I recall speaking to the architect who advised the then owners of Donald’s Building, Beaumont Street. He told me that it need not have been demolished on structural grounds and he opposed it. I think it was one of many examples of post-earthquake opportunistic demolitions for redevelopment. I don’t believe the Steggles building was demolished on structural grounds either. I recall the owner was not prepared to spend extra money to retain it. Council voted for the replica option. I know the architect involved did not support that option. The replica contains none of the original fabric (a first principle of heritage conservation is retention of as much as possible) and was not built using the construction methodology of the original. It had an art deco facade inter-wars makeover of a much earlier industrial building.

The replica has no heritage significance and is often cited as an example of what not to do in the name of heritage conservation.

Keith Parsons, Newcastle

Consequences of abuse

I READ Adrian Price’s letter (Letters, 9/8) with a deep sadness, that there are still people in society who through ignorance, naivety or 'as long as I am okay attitude', don't understand the consequences of sexual abuse. I have to inquire, Adrian did you attend the royal commission hearings anywhere in the country? I don't believe anybody who did came away with the impression that it was just a few perpetrators in the ’50s and ’60s. The royal commission was not about chasing a few clergy/others.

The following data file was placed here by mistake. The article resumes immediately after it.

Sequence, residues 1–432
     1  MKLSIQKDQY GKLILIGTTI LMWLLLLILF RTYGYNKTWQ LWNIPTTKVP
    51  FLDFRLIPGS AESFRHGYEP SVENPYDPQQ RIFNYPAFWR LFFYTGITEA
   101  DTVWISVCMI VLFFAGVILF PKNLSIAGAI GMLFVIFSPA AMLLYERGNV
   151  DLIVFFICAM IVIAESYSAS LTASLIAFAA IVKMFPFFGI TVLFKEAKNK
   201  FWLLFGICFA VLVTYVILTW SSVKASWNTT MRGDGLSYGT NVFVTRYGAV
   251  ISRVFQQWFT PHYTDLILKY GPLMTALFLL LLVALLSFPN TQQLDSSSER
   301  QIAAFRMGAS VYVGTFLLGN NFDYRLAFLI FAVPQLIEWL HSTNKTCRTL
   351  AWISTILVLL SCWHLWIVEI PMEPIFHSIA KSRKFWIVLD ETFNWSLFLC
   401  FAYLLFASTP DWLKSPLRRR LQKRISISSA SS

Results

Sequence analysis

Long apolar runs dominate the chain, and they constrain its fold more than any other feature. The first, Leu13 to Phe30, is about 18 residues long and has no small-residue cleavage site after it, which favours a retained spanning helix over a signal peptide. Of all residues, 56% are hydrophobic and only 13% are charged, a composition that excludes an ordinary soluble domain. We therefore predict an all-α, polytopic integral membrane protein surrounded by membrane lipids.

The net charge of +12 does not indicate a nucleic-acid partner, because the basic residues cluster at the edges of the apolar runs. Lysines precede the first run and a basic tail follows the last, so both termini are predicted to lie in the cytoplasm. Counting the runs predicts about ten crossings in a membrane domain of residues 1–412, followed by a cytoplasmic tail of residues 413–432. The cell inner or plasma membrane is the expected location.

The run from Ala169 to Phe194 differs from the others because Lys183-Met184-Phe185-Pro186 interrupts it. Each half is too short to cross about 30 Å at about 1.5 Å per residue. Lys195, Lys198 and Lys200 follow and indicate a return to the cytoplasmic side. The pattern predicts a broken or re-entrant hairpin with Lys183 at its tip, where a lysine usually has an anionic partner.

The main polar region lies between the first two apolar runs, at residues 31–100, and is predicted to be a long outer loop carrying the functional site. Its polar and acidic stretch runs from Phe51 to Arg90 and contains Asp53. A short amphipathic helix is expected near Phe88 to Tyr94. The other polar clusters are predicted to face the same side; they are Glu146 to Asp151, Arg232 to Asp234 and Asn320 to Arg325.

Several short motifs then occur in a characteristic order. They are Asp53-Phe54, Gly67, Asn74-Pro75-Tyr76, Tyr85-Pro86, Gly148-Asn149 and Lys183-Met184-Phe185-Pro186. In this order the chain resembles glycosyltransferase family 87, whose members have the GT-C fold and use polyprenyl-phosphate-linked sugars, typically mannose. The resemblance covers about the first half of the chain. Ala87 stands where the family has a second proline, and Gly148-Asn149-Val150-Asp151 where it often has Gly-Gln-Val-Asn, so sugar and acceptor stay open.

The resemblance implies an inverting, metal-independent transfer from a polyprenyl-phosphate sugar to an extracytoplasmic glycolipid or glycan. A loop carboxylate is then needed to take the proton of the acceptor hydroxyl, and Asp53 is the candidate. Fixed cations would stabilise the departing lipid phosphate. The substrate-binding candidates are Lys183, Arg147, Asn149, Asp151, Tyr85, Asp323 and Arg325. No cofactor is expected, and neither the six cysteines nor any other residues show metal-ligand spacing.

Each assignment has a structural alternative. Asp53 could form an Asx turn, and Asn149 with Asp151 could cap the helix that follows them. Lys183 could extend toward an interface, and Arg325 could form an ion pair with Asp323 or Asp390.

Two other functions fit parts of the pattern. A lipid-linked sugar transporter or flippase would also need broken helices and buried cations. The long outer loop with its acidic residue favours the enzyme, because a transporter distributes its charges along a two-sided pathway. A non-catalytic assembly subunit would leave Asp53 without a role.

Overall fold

Peter McClellan made a point of asking all leaders of institutions, "How and why did this happen?”. As far as the nuns and priests not being paid, they were looked up to because of this sacrifice; they had a warm bed, education, health cover, food and clothing, and adventures that most people have never had. This was possible because of the generosity of parishioners.

I have never considered myself a good person, and to quote Thomas Aquinas: "He who is not angry when there is just cause for anger is immoral. Why? Because anger looks to the good of justice. And if you can live amid injustice without anger, you are immoral as well as unjust."

You mention that victims should receive compassion and support. Maybe you aren't aware that these people are being abused for a third, fourth and some a fifth time because of the cruel redress system they are subjected to. The final report of the royal commission will expose how deluded, duped and hoodwinked we have been.  I am very angry.  

Pat Garnet, Newcastle East

Top class care

THIS is a letter of gratitude to the John Hunter Hospital, all the staff, administration, domestic, doctors and nurses.

I was referred to John Hunter for a colonoscopy. From the date of that procedure on July 19, where a cancer was detected in my bowel, I have been processed, operated on and out of hospital by August 4.

The surgical team were professional, compassionate and caring. The whole procedure has me feeling confident that I could not have had better care anywhere else in the world. 

The nursing staff, I could go on and fill the paper with accolades for these wonderful men and women. All staff at H3 and J3, the people at outpatients, the people at the interventional suite, and other staff, take a bow each and every one of you. So it is congratulations and applause for the John Hunter and long live public hospitals.

James McInerney (Fred), Karuah

Letter of the Week

The Herald pen goes to Suellen Hall for her letter about her father.